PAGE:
Firstly, I should note that this isn’t going to be a full review of Persona 5. Mainly because we already have a review of the original Persona 5 on the site. Also, quite frankly, anyone and everyone should have played Persona 5 when it came out years ago and if you didn’t, you’re a monster. Instead, this review focuses on some of the differences between base Persona 5 and this director’s cut of the game, Persona 5: The Royal. In simple terms, yes, you should buy and play this game. Especially, if you never played the original version. And although many of the changes made in Royal are generally good, there a few are headscratchers as well.
Review: Persona 5: The Royal
Title: Persona 5: The Royal
Platform: PS4 Exclusive [Reviewed]
Genre: Japanese Role-Playing Game
Release Date: March 31, 2020
Price: $59.99 (USD)
To start with, about 90 to 95% of Persona 5: The Royal is the same as the original. However, there are changes both big and small that make the game a lot friendlier, even if it doesn’t appear so at first.
Probably the biggest addition to the game is a new playable character, in the form of Kasumi Yoshizawa. She is a first-year student at your school who is introduced slowly over the events of the game. I should say very slowly actually, as her interactions are extremely sparse for most of the game until at least the midway point. Then, she becomes a more fleshed-out character who is absolutely pivotal in the later sections.
The other big new (non-playable) character is Takuto Maruki, a school psychologist that you can visit after you complete the first dungeon. He is interested in the cognition of the world and asks you to talk with him about it. Visiting him increases your SP (magic), which is nice. Like with Kasumi, Maruki also factors in heavily in the expanded ending.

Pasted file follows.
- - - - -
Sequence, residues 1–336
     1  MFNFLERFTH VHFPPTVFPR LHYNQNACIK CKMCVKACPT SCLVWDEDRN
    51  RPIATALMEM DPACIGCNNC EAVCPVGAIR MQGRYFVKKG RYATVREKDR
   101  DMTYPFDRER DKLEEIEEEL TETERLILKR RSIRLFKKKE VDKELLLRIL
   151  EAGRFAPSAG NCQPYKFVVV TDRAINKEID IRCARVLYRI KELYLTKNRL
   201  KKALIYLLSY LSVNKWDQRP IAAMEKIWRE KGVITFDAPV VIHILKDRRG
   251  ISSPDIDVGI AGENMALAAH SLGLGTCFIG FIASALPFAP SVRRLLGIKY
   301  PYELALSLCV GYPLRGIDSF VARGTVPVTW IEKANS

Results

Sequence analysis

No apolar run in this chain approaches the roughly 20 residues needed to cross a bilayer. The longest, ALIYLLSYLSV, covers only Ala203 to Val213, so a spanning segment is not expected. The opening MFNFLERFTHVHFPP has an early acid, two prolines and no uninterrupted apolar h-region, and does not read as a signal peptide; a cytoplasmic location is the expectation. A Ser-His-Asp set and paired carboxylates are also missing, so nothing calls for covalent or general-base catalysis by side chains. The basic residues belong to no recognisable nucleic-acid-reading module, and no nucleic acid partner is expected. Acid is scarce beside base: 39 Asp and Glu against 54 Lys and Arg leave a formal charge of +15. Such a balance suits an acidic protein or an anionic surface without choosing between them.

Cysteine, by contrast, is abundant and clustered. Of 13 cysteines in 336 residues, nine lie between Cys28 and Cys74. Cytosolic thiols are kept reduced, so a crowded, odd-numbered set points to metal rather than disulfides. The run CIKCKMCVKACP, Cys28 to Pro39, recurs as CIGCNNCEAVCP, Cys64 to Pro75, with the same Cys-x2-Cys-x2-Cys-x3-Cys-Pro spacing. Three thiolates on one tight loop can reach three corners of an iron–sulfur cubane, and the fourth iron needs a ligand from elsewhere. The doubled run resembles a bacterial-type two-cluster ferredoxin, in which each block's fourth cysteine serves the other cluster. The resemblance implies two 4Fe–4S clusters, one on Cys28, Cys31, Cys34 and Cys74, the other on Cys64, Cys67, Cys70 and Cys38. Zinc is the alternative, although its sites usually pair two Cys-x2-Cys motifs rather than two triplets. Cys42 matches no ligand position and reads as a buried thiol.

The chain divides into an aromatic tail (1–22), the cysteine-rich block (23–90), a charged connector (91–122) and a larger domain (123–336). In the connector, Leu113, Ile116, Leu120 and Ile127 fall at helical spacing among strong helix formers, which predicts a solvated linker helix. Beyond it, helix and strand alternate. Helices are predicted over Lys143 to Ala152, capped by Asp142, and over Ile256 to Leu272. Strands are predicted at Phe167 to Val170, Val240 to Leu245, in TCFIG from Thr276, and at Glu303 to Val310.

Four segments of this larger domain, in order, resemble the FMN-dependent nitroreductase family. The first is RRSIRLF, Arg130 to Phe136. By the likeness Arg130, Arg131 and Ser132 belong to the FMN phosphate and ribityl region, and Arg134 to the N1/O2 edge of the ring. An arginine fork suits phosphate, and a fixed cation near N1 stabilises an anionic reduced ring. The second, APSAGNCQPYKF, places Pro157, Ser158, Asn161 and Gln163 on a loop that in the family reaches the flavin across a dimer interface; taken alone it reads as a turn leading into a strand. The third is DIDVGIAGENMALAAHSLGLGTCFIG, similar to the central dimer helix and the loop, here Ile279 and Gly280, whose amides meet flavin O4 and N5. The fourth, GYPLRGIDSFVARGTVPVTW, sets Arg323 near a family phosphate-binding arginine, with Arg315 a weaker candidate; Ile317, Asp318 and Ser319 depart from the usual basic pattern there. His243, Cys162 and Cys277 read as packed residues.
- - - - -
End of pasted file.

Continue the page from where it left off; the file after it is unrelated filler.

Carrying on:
Lastly, while he was a main character of original Persona 5, Goro Akechi’s role is also expanded as well. His confidant relationship in the old game automatically leveled up as the story went on. In Royal, you actually have to seek him out in the new town area and hang out with him like the other confidants.
The big new area is called Kichijoji and it has several things for you to do inside of it. Probably the biggest new thing is a combination of a dart and pool hall that provides benefits to your team. The dart mini-game has terrible motion controls but is needed to help increase the effectiveness of the Baton Pass (turn swap) of your teammates. Pool isn’t a mini-game at all, just a check against your proficiency skill, with you completing it, based on your level. The pool activity raises your Technical damage skill, letting you do more damage based on specific attacks, and increasing the chances of knocking down enemies.